In 1983, Japanese Prime Minister Yasuhiro Nakasone promised U.S. President Ronald Reagan that he would make Japan into an “unsinkable aircraft carrier.” The irony was, and remains, that Japan has not possessed an actual aircraft carrier in more than 70 years. But that may soon change. The Japanese government is debating retrofitting a class of destroyers to turn them into aircraft carriers. Beyond answering the expected questions of whether such ships would violate its constitution, Japan will need to decide whether the operational need offsets what is expected to be a significant resource strain.
This dearth of aircraft carriers is a contemporary phenomenon. In the early 20th century, Japan was a global leader in ship-based aviation whose magnum opus in the field, two Shōkaku-class carriers, participated in the attack on Pearl Harbor and every subsequent major naval action of the Pacific War. But Japanese carriers disappeared after the war due to a strong strain of pacifism and constitutional constraints that, together, convinced Japanese leaders to forgo the acquisition of “offensive” weaponry.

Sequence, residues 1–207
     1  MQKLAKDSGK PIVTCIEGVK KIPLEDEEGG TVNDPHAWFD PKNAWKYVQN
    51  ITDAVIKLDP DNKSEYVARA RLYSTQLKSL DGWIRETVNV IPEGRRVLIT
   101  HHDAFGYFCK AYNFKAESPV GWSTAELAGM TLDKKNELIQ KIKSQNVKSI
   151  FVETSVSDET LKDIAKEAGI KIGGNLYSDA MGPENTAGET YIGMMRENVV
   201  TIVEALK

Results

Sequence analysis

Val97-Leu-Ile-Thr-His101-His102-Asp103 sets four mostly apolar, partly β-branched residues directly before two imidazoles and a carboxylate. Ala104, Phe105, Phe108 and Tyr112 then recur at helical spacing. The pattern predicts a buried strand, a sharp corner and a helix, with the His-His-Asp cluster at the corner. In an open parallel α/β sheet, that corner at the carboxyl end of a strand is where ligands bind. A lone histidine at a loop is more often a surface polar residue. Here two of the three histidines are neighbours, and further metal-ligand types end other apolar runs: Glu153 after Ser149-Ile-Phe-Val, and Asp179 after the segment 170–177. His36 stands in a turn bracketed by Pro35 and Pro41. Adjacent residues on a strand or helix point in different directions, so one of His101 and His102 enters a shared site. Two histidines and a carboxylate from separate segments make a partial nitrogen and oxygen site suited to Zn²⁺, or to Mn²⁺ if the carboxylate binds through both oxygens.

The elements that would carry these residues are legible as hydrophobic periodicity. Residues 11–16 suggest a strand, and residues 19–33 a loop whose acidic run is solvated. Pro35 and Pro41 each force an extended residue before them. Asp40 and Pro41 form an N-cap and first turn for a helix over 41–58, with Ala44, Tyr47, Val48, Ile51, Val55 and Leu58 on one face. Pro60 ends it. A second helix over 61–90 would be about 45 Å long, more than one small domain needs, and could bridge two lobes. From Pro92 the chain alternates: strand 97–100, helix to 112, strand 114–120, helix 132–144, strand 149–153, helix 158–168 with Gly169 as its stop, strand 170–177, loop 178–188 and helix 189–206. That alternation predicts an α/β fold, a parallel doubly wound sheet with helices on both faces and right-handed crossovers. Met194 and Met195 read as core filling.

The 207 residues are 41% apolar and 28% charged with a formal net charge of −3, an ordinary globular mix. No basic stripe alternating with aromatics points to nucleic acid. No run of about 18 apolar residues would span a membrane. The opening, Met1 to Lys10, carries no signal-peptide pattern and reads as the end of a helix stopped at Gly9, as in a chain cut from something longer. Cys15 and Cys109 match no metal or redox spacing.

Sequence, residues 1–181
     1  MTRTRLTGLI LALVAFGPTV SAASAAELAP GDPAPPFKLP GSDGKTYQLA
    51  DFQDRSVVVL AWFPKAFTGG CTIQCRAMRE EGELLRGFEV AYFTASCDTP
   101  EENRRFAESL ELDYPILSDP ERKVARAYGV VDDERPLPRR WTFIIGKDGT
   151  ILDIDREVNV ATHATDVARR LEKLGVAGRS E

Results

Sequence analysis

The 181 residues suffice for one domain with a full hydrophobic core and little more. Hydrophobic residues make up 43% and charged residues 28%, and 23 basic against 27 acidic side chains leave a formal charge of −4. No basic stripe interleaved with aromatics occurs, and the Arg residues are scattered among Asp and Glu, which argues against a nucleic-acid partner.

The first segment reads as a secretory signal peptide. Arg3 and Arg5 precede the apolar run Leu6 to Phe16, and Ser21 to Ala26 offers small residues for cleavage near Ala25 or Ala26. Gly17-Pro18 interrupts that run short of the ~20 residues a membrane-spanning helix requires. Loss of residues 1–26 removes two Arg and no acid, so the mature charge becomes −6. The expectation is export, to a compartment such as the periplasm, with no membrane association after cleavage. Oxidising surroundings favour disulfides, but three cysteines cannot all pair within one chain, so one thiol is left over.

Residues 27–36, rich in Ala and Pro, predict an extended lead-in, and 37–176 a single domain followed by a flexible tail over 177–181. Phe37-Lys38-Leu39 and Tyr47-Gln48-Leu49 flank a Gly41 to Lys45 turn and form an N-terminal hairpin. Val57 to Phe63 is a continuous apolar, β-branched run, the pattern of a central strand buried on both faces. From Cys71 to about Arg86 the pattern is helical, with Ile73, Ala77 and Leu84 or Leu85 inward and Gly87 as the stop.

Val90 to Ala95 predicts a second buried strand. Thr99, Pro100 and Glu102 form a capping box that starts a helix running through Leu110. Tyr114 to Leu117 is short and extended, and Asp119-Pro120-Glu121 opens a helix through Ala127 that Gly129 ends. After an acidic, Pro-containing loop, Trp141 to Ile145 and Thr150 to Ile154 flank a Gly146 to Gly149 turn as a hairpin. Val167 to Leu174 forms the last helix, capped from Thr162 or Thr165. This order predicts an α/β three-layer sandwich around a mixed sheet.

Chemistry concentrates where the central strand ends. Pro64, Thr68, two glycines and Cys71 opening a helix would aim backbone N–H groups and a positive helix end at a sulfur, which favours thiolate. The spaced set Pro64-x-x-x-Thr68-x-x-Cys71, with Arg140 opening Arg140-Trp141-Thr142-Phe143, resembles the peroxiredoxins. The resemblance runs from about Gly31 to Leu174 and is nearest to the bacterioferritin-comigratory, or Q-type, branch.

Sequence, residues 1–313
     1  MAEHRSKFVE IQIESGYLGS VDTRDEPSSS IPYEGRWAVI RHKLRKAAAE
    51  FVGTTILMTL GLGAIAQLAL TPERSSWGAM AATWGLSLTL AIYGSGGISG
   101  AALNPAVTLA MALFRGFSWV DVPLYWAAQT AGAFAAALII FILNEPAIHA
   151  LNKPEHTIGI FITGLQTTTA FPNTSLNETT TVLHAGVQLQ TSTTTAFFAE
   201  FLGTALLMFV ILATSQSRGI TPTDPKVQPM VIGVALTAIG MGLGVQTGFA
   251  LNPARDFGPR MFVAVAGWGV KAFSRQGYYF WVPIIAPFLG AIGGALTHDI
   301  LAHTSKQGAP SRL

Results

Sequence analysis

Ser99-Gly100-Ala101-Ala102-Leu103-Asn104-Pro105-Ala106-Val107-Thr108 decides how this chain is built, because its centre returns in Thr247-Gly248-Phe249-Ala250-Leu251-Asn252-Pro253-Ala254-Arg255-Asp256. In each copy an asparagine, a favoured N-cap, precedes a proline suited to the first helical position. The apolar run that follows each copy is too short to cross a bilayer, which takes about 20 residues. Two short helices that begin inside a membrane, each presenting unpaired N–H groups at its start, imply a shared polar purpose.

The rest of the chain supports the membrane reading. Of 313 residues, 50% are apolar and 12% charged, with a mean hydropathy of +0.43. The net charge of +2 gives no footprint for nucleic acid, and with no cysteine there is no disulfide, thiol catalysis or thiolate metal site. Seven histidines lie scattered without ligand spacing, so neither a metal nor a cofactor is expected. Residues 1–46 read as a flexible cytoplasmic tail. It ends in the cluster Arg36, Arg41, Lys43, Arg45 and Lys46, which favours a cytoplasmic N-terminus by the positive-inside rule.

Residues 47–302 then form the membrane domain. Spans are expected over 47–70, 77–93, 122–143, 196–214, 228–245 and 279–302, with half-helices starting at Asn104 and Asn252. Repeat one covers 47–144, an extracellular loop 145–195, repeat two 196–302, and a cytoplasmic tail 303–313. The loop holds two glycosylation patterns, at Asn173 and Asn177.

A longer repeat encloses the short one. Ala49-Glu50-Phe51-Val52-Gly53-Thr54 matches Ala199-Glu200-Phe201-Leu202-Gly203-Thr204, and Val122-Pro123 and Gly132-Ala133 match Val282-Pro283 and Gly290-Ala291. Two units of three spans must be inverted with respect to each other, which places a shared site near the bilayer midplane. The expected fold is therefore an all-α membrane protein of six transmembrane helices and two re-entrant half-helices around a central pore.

Since the Self-Defense Force was established in 1954, the naval service—called the Maritime Self-Defense Forces or MSDF—has built ships larger than some of Imperial Japan's largest ships. In fact, the newest class of MSDF helicopter destroyers, the 24,000-ton Izumo class, are the largest Japanese ships to enter service since World War II. They look like aircraft carriers with a 248-meter deck, control tower, and large, elevator-served hangar. This is a large ship, bigger than Italy's Giuseppe Garibaldi and longer than Spain's new Juan Carlos I.…
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Jeffrey W. Hornung is a political scientist at the nonprofit, nonpartisan RAND Corporation. He specializes in Japanese security and foreign policies, East Asian security issues, maritime security, and U.S. foreign and defense policies in the Asia-Pacific region, including its security alliance.
This commentary originally appeared on Defense One on October 5, 2018. Commentary gives RAND researchers a platform to convey insights based on their professional expertise and often on their peer-reviewed research and analysis.